• Dark or green-colored sky
  • Large, dark, low-lying clouds
  • Large, damaging hail
  • A roaring noise that sounds similar to a freight train

If these conditions exist, it’s best to gather everyone and head inside to safety.

RELATED: The Worst Storms on Record Ever to Have Hit the United States

5. Get Inside

tornado touching down over a field.


If you see a funnel cloud or notice the conditions are primed for a tornado, get inside. Don’t try to outrun the storm in a vehicle, and don’t try to take cover under bridges or other similar structures. Get to the closest structure, whether it be your own home or storm shelter, a store, neighbor’s home, garage, barn, or similar enclosed building to take cover until the storm passes.

RELATED: The Strangest Weather Events in US History

6. Know Where to Shelter Indoors

open doors to a storm cellar


Certain areas of a building or structure will be safer than others during a tornado. Areas like basements, interior rooms without windows, and hallways are better than those with windows and doors. It’s also a smart idea to choose a room to shelter in that doesn’t contain heavy objects like refrigerators, washing machines, and large furniture. If a tornado should cause these items to move or fall, they could hurt those inside.

Common wisdom suggests a bathtub can be a good place to ride out a tornado, and this is true if the bathroom is not on an exterior wall and there are no windows.

Basements are best for sheltering, but there are a few things to consider. If you can, shut off the gas line that comes into the house. Do the same for the water line. Note that when you turn the gas back on, you will have to light the pilots in your gas appliances again.

RELATED: Never Do These 11 Things During a Thunderstorm

7. Aftermath: Stay Informed

young woman holding smartphone


Staying up to date about the conditions after the storm are just as important as before. Use weather apps, radios, TVs, and other information sources to check on the damage in the area. Tornadoes can be very brief and localized, or they travel long distances while touching down. Your street might be untouched while the rest of the town experiences significant damage like lifted roadways and fallen bridges.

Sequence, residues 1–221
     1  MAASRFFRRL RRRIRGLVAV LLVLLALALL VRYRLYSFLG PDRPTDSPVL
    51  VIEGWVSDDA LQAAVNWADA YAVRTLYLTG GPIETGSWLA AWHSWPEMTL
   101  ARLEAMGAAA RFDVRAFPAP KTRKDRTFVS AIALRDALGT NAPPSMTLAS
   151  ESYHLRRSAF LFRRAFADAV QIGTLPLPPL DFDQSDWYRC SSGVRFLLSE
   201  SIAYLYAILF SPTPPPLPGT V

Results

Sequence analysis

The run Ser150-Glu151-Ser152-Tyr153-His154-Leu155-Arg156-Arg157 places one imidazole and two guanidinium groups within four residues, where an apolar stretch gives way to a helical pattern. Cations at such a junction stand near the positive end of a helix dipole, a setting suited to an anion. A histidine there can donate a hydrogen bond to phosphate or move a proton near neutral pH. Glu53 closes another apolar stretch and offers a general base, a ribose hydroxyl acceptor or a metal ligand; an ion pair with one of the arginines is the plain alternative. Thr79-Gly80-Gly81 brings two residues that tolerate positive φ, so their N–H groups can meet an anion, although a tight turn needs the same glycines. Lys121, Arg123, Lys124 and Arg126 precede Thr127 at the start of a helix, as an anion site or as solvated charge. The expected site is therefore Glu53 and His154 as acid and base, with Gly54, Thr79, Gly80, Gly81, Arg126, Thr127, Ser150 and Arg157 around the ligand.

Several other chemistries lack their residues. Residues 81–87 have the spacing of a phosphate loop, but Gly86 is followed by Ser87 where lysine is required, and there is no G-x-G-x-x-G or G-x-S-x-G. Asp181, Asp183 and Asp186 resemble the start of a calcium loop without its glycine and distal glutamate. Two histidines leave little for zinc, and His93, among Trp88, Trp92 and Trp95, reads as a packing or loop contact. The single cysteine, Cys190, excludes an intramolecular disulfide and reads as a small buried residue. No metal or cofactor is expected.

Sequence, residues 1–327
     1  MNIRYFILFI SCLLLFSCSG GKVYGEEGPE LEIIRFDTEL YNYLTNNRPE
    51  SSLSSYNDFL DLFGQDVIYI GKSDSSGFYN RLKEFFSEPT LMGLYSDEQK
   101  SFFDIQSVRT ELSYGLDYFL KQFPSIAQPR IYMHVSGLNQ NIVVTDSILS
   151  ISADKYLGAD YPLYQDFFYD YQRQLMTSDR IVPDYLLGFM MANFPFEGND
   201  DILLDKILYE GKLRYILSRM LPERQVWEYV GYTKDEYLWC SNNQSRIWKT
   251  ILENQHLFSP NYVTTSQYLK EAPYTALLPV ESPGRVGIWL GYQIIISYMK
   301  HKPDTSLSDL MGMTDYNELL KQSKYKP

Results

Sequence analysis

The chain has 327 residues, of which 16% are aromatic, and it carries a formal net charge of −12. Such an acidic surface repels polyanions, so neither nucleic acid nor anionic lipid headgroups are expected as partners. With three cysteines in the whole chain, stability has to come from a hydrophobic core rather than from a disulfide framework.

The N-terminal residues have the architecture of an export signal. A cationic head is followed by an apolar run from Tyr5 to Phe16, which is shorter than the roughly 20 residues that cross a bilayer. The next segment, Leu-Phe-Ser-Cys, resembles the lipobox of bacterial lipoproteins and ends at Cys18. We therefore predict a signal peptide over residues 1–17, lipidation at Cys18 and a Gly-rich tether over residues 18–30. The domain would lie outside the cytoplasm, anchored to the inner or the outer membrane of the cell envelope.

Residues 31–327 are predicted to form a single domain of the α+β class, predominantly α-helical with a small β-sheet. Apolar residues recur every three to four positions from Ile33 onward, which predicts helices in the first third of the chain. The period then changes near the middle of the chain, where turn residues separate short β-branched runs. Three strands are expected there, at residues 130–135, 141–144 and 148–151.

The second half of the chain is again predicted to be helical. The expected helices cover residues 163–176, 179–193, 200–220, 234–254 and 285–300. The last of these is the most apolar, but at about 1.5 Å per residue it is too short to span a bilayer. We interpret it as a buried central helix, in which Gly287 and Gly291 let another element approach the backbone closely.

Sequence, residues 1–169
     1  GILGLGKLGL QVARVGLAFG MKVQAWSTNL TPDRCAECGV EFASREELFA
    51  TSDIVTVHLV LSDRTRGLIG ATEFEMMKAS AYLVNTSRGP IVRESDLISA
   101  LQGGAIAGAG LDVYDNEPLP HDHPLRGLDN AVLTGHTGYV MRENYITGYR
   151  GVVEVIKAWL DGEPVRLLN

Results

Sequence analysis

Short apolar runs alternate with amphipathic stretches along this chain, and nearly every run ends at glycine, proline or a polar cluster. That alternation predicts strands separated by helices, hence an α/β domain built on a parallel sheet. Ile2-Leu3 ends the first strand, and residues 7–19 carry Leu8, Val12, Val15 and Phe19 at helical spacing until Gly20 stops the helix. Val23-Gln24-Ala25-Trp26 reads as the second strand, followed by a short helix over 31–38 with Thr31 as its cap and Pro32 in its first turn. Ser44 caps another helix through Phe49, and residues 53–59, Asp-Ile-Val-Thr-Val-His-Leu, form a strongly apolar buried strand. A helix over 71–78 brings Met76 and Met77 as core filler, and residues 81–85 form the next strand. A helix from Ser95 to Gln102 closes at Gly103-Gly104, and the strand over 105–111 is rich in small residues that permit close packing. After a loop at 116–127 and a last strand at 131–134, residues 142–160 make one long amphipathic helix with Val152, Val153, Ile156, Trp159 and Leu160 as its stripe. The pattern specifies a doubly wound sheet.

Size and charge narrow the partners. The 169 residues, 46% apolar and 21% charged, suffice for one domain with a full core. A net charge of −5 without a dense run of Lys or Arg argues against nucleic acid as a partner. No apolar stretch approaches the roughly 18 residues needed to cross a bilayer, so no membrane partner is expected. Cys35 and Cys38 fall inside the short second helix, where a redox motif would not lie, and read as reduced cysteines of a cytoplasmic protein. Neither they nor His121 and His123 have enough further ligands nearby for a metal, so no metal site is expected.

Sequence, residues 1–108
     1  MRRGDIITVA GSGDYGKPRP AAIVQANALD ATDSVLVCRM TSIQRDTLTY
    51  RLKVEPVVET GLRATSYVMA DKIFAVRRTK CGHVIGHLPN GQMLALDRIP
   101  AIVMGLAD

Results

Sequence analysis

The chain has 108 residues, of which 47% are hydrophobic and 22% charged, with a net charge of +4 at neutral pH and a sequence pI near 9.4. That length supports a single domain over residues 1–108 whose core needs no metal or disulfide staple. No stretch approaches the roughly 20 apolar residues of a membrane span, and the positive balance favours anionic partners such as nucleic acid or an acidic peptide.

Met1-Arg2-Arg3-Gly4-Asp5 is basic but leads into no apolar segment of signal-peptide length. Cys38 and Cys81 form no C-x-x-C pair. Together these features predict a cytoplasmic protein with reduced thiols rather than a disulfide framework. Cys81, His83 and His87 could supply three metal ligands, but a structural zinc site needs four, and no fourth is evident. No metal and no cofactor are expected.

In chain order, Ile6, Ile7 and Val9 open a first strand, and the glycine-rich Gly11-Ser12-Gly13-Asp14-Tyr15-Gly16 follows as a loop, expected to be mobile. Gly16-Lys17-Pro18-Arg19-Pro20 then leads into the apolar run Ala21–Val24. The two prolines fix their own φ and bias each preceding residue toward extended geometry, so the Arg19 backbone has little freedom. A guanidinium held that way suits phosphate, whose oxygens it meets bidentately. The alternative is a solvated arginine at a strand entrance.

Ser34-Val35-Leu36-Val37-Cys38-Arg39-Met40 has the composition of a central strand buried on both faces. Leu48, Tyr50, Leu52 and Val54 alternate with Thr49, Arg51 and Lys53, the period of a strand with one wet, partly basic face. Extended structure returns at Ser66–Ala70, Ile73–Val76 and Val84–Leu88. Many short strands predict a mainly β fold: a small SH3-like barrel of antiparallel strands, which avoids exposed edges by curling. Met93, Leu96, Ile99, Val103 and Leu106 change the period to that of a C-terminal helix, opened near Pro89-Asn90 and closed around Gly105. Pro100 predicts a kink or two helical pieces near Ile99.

It’s also important to check for information from the local municipality. Any boil-water alerts or updates about emergency services might be available on the town’s website or Facebook page, so check there often after a tornado.

8. Aftermath: Assess the Damage

two men looking through debris after a tornado.


After the tornado warning lifts and the storm appears to have passed, head outside and assess the damage. Look for fallen branches, trees, telephone poles, broken windows, and other signs of damage around your property. Be sure to look for overhead hazards and, if the tornado was accompanied by flooding, stay out of any standing water as it could be hiding debris.

This is also a good time to check on your neighbors and call your friends and family to make sure they’re safe and sound, as well.

RELATED: Solved! Does Homeowners Insurance Cover Tornado Damage?

9. Aftermath: Avoid Hazards

Electricity poles fall because of storms. damaged car


If you’re able to stay put, avoid leaving the property after a tornado until reports in the area appear to be clear. If you’re driving, avoid any damaged roadways, downed power lines, or bridges that might’ve been along the tornado’s route. Unnecessarily putting yourself in danger could divert the attention of emergency services from another call where they could be helping someone else.